The diffusion pump is used to produce and maintain low pressures in the electron column, spectrometers, and sample chamber. An oil diffusion pump requires a forevacuum of about 50 millitorr (5 to 10 Pa) to operate. Therefore, it is isolated from the column and sample chamber by a "gate" valve until the mechanical pump has produced a sufficiently good vacuum in the microprobe (Figure 3.4.2a). Diffusion pumps are so named because rather than actively "pull" air molecules out of a volume, they wait for the molecules to diffuse into the active part of the pump where they are then trapped and removed.
A diffusion pump operates by boiling oil at the base of the pump that rises as a hot vapor. As it rises, it is directed into a funnel-shaped set of baffles (known as a chimney stack.) and jetted as a supersonic vapor towards the sides, which are kept cool by cold water tubing that surrounds the upper part of the pump. Air molecules that diffuse into this portion of the pump collide with the vapor molecules and are trapped. The oil vapor cools and condenses, dragging air molecules down as it sinks to the bottom of the pump (Figure 3.4.2b). At the bottom, the heater reboils the oil, releasing the air molecules, which are pumped away by the mechanical pump. The diffusion pump produces a working pressure in the sample chamber of about 1 x 10-5 Torr. There is a water-cooled baffle located above the pump to prevent oil vapor from entering the electron column.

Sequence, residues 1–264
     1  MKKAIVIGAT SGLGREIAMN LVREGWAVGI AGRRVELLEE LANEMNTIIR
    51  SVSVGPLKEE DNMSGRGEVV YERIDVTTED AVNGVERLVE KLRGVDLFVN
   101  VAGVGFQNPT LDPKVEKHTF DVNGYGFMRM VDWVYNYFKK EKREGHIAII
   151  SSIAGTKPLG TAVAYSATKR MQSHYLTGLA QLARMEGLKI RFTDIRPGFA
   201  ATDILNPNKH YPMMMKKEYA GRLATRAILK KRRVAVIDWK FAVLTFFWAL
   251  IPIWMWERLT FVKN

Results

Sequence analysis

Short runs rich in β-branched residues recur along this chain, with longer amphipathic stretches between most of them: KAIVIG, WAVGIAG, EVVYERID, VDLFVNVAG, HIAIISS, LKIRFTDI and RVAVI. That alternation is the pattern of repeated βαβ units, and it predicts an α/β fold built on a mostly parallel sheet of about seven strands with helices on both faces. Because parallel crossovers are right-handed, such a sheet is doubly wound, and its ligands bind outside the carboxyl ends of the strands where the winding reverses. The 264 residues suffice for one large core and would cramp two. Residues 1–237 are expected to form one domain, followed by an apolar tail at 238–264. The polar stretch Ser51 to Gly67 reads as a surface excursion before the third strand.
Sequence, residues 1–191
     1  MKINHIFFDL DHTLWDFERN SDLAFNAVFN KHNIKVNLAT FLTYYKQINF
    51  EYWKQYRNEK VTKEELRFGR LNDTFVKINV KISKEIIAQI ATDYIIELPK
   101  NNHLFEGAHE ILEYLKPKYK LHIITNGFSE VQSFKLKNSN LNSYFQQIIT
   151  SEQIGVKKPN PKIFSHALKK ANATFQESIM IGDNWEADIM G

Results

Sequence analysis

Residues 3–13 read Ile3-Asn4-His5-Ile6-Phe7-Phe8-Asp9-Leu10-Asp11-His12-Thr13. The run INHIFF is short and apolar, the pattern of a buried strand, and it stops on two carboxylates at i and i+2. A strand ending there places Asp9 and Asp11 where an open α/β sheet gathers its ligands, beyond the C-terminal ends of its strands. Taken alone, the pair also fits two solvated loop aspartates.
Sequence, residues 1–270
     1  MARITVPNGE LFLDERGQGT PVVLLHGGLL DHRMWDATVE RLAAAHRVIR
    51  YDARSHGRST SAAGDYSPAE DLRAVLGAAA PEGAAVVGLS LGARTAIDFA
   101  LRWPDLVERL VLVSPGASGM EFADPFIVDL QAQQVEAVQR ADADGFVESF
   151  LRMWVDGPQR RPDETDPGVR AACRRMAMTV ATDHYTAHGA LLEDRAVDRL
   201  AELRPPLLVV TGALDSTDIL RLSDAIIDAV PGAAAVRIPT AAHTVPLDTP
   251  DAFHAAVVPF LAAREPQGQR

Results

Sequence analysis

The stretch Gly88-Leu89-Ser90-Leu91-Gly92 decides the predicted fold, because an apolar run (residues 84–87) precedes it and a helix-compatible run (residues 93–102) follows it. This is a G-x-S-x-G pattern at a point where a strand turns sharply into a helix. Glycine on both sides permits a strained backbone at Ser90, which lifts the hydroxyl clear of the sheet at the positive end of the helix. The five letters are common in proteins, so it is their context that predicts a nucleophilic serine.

Figure 3.4.2a. Diffusion pump (blue) at the base of the electron column. The gate valve, which separates the pump from the electron column, is housed in the blue-gray metallic box at the top of the pump (with light circle). The door through which samples are inserted into the microprobe is at the top of the picture. The horizontal silver tube level with the sample change door is the SEM photomultiplier tube. Large coil springs used to isolate the microprobe from outside vibration are also visible.
|Figure 3.4.2b. Schematic diagram of an oil diffusion pump. Red arrows indicate the movement of boiling oil vapor (after Potts 1987).||
Copyright 1997-2003, James H. Wittke
Last update: 01/18/2006 01:47 PM.